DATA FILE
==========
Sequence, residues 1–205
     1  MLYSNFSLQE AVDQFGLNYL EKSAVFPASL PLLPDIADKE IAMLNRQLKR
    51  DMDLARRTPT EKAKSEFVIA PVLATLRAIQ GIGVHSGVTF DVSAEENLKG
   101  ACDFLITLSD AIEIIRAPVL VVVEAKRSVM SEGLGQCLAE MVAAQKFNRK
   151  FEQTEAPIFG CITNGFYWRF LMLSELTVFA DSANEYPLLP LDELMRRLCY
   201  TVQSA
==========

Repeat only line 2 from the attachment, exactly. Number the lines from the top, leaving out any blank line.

     1  MLYSNFSLQE AVDQFGLNYL EKSAVFPASL PLLPDIADKE IAMLNRQLKR